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|Sir Henry Bessemer
prolific inventor best known for his steel-making process
Henry Bessemer was born near Hitchin, Hertfordshire, on January 19, 1813, the son of an engineer. From an early age he showed that he had inherited his father's engineering talents, and by the time of his death he had been awarded over 110 patents.
At the age of 17, Bessemer invented embossed stamps to use on title deeds. Prior to this people who needed a five-pound stamp would usually peel one off an old deed rather than buy a new one. This practice cost the British government £100,000 a year in revenue. Bessemer's invention made it impossible to reuse old stamps, and he persuaded the Stamp Office at Somerset House to use them. The Stamp Office offered him the post of Superintendent of Stamps, at £700 a year -- a small fortune in that day. But then Bessemer realized that it would be even better to simply print a date on each stamp. When he told the Stamp Office about this idea, they gave him their thanks and then informed that he was no longer needed as Superintendent of Stamps. Despite having saved the Stamp Office a great deal of money, Bessemer ultimately received nothing at all for either his embossed stamp or his date idea.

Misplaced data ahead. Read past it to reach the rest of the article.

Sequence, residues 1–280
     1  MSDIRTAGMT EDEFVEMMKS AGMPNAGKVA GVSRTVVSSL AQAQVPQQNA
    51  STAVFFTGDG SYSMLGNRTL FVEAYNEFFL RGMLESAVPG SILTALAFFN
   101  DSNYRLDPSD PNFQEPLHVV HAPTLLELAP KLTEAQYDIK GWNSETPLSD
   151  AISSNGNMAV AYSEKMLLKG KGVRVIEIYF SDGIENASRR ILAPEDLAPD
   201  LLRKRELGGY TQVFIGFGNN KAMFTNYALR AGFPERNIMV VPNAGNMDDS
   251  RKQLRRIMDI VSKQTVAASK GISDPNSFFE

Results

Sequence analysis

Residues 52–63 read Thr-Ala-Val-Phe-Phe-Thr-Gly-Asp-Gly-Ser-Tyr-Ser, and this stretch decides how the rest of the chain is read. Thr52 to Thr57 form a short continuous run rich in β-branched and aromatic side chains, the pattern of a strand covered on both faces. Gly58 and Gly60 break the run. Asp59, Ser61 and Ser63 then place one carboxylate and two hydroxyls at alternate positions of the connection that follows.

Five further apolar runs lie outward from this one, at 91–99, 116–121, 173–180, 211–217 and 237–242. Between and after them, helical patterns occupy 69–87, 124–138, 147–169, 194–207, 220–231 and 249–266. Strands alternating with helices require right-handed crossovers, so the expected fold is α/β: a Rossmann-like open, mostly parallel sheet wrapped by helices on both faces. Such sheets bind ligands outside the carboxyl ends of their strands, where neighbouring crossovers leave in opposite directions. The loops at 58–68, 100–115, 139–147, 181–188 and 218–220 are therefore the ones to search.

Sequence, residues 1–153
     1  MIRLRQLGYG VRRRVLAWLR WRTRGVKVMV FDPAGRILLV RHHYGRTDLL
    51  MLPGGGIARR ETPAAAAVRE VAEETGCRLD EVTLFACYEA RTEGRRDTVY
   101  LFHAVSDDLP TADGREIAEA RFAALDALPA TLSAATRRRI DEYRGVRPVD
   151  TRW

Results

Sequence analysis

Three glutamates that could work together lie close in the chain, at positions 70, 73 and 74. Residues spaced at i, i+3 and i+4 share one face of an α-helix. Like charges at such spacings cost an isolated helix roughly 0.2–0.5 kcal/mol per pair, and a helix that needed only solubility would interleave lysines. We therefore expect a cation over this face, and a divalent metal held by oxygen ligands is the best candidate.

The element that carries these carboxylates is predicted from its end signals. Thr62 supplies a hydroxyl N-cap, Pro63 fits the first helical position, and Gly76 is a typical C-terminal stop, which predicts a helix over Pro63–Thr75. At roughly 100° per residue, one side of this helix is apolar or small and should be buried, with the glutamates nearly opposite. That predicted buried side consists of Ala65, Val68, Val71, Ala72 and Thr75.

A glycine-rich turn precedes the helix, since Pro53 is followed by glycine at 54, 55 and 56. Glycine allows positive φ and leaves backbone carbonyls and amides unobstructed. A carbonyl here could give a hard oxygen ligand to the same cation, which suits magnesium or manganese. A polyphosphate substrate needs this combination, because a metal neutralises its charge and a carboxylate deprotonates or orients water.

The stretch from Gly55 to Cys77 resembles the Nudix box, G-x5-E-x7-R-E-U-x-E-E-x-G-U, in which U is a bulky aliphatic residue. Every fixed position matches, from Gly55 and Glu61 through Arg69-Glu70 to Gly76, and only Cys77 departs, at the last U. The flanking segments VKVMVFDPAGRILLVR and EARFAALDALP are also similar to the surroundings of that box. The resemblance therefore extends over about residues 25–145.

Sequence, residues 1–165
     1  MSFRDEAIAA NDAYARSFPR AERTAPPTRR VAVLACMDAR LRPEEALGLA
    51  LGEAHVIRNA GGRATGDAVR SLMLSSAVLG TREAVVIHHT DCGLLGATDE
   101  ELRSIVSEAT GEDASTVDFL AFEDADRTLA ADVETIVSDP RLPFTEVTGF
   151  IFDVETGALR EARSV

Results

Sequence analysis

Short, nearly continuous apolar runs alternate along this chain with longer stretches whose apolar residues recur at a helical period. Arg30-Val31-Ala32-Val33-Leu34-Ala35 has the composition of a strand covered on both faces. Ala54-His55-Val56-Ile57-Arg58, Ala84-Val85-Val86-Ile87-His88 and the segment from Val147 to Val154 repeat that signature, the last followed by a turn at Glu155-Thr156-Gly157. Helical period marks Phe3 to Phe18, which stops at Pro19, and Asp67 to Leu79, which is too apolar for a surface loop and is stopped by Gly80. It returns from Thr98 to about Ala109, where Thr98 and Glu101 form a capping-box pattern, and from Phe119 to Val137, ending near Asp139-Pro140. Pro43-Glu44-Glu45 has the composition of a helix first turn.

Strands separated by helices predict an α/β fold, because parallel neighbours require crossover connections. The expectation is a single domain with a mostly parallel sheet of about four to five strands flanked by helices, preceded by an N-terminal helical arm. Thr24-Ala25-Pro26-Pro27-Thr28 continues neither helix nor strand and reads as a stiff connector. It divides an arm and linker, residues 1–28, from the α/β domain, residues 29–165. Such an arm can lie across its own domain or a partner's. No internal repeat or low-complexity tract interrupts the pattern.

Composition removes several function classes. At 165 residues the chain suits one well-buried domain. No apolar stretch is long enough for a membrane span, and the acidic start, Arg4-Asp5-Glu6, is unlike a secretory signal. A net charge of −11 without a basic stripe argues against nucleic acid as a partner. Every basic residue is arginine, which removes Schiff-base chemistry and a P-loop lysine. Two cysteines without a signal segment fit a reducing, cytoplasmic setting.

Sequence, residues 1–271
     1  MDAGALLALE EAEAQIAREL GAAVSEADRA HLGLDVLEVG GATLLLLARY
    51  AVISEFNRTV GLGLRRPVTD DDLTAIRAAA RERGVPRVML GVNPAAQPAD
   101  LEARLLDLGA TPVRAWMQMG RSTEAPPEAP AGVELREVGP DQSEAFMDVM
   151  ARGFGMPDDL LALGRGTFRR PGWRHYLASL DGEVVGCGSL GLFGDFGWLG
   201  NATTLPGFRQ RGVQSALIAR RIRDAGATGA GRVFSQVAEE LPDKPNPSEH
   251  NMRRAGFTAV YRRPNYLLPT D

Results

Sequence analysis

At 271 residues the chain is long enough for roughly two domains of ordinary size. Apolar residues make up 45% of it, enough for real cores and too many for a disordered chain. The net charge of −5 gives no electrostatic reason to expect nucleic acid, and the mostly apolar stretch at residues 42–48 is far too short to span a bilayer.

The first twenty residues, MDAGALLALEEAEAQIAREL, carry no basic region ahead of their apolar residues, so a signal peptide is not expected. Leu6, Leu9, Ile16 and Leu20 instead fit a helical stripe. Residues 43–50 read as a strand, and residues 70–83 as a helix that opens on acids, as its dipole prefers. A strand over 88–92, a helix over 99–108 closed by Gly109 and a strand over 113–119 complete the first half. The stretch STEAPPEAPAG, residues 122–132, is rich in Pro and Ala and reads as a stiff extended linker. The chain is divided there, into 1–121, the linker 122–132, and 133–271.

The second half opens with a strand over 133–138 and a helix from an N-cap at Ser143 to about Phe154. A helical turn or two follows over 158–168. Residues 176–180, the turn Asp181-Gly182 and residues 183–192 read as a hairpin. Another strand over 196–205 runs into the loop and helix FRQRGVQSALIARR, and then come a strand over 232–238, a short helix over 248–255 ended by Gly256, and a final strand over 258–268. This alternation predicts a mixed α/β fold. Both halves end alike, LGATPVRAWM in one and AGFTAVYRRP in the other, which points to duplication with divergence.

Compressing Plumbago Dust
Bessemer did make some money when he found a way of compressing soft plumbago dust (native graphite) to form hard lead pencils. He sold this invention to a friend for £200, and that friend made a fortune with it.
Using a system of carefully heated rollers, Bessember was able to emboss velvet with elaborate patterns.
In 1840, Bessemer was asked by his sister to paint the title on her portfolio of flower paintings. He was a skilled calligrapher, and he decided to use gold paint for the letters. In his day gold paint was made by mixing brass powder into pigments. Bessemer knew that the brass used to make the powder cost only sixpence a pound, so he was quite surprised to learn that, in powder form, it cost 225 times that. The existing powder was made by hand in Germany, so Bessemer set about making it mechanically. Once he had perfected the process and the machines, he determined to keep it secret rather than patent them. He had the machines made in sections by different manufacturers across England, and assembled them himself in his house in north London. He then hired his three brothers-in-law to run the plant. Only five people ever went into the building, and they managed to keep the process secret for 35 years, and Bessemer made his first fortune.
Sugar Cane Press
In answer to a challenge contest from Prince Albert, Bessemer devised a hydraulic machine for extracting juice from sugar cane.